In my travels to the various states that are under the Public Lands Survey System (PLSS), I constantly hear an argument that causes me great concern. There is criticism of the Bureau of Land Management (BLM) for not producing a new Manual. I recently heard a surveyor belittling the BLM for being so "behind the times" with its Manual of Instructions. He cited the "fact" that the most significant changes in the history of our profession have all occurred since its last book, the 1973 Manual.

In a similar vein I have often heard of the inapplicability of the 1973 Manual to certain states. This is often geared to the fact that the BLM's original Government Land Office (GLO) surveys were all completed prior to any Manual being written. Interestingly, most who make these sorts of claims are quite unfamiliar with the contents and intent of the Manuals.

These two arguments actually have their answer in the same general misunderstanding. The PLSS surveys, whether under the GLO or BLM, were never done without guidelines. The contracts issued to the deputy surveyors included specific instructions and terms that fell within the purview of the 1785 Land Ordinance Act and its subsequent revisions. In other words, the original surveys were done in a manner contemplated by the law. One of the major concerns of the early GLO officers was inconsistency regarding how surveys were done from one state or territory to another. It was this concern that prompted the GLO to issue the "Oregon Instructions" in 1851. A whole new territory was being settled very quickly, and the government wanted a consistent set of rules and interpretation of the law. Additional information was added to those instructions in 1855, and the first real Manual was then produced.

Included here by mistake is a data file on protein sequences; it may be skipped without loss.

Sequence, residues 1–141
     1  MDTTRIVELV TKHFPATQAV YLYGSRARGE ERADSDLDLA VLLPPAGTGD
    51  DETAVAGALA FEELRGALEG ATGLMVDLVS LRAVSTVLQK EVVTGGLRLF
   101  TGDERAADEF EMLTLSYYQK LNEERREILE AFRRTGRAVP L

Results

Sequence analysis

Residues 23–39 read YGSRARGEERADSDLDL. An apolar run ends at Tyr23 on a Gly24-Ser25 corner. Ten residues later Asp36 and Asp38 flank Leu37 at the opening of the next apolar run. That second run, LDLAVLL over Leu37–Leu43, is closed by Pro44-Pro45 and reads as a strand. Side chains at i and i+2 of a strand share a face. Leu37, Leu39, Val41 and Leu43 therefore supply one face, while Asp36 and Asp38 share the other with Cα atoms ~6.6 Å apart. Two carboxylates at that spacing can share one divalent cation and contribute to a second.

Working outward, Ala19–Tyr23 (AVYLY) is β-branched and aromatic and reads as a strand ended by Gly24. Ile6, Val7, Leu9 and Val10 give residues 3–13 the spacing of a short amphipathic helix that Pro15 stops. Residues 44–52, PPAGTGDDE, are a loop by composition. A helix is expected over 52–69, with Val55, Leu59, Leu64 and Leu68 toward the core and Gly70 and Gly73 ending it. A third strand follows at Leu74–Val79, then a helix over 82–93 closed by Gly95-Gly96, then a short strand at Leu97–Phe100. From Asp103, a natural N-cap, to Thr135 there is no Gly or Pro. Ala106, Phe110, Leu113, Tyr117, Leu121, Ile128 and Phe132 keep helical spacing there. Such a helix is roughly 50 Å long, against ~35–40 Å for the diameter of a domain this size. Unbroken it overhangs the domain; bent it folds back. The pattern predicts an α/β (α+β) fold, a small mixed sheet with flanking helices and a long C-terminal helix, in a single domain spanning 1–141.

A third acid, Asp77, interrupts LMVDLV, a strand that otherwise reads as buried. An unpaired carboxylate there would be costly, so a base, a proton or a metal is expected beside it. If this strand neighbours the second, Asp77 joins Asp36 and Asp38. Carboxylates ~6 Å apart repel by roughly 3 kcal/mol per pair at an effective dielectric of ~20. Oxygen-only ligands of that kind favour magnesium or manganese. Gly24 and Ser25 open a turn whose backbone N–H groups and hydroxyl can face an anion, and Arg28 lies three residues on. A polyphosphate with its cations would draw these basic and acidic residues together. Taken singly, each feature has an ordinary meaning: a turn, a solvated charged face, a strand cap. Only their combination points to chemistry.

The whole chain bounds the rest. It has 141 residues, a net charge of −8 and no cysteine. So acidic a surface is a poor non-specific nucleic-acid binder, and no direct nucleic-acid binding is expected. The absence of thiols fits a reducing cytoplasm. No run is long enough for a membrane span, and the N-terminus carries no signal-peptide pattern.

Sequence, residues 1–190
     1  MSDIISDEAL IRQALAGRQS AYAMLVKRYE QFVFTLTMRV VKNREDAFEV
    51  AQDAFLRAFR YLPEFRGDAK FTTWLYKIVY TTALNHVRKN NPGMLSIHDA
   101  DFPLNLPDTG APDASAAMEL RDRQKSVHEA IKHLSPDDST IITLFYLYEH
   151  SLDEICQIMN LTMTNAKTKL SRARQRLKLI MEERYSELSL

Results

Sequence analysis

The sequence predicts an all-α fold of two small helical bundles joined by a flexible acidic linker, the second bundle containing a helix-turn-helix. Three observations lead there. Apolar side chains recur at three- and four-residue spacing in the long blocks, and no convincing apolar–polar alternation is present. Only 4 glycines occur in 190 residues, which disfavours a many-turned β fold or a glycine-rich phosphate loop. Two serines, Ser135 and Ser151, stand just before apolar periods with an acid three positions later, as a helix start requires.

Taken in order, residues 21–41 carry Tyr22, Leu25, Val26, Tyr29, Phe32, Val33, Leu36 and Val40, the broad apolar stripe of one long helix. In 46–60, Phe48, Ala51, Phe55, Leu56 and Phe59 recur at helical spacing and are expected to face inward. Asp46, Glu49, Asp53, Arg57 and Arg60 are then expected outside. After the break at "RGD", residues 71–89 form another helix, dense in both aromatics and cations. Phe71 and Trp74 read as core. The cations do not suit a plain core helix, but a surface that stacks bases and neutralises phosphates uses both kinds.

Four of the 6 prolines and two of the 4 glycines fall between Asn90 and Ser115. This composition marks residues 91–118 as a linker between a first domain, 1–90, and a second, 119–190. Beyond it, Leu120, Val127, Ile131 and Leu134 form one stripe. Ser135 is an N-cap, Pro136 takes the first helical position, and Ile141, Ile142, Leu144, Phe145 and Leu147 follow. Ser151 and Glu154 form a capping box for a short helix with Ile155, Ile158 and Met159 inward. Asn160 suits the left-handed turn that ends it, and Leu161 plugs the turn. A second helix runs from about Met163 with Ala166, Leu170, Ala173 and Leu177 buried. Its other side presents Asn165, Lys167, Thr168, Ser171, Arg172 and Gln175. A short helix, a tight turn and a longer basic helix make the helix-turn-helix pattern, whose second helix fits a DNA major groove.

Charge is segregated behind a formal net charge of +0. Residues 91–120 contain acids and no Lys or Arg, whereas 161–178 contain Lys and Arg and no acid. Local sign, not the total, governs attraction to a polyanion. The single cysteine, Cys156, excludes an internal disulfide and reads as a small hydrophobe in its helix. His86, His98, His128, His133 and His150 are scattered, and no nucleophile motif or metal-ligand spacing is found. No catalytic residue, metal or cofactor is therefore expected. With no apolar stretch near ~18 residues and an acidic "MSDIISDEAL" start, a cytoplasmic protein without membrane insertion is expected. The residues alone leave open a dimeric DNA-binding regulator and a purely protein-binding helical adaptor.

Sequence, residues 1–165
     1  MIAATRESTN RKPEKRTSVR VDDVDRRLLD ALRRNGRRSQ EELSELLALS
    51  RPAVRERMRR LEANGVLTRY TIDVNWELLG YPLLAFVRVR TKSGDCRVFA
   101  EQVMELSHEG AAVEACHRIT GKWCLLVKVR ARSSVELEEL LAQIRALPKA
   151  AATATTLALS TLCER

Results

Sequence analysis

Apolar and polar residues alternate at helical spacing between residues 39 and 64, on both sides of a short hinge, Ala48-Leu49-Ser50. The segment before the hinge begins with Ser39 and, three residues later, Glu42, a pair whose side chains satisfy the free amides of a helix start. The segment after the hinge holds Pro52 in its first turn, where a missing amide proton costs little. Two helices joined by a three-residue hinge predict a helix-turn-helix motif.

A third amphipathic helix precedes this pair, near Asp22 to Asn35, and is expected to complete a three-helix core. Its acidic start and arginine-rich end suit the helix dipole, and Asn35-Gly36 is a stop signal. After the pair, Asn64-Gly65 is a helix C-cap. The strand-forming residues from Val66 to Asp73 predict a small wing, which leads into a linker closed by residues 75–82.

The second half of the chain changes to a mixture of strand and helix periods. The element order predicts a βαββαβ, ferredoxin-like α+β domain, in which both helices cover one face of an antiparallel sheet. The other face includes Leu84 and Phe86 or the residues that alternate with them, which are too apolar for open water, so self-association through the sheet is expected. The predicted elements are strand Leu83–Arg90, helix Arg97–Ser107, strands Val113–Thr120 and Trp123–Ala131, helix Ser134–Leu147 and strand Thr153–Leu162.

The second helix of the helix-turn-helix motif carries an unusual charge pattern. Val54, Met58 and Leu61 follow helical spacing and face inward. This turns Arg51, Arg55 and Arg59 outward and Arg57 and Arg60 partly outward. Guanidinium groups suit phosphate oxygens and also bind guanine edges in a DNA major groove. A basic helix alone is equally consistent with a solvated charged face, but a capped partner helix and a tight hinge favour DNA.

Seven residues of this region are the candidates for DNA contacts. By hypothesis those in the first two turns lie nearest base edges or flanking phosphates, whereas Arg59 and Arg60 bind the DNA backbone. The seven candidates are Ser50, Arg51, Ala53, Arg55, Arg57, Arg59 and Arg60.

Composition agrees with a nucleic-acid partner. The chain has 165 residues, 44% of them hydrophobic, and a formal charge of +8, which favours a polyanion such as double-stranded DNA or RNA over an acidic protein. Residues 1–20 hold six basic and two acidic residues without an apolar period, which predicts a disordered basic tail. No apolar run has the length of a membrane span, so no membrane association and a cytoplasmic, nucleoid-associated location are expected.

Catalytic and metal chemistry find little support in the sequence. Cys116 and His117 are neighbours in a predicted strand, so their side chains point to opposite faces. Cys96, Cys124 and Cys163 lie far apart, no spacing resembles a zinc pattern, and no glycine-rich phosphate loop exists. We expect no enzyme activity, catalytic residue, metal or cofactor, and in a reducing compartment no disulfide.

Chronologically speaking, many states were completely surveyed and sold off before this first Manual was published. But therein lies the problem. The Manual is not a document that is tied to time. In fact, it is an absolute testament to how consistent and "orderly" the PLSS was intended to be. A careful examination of the content of the current 1973 Manual reveals that only a small part of it is tied to time-sensitive issues like technology. But before reviewing the contents of that book, let's understand what the intent of this book really is.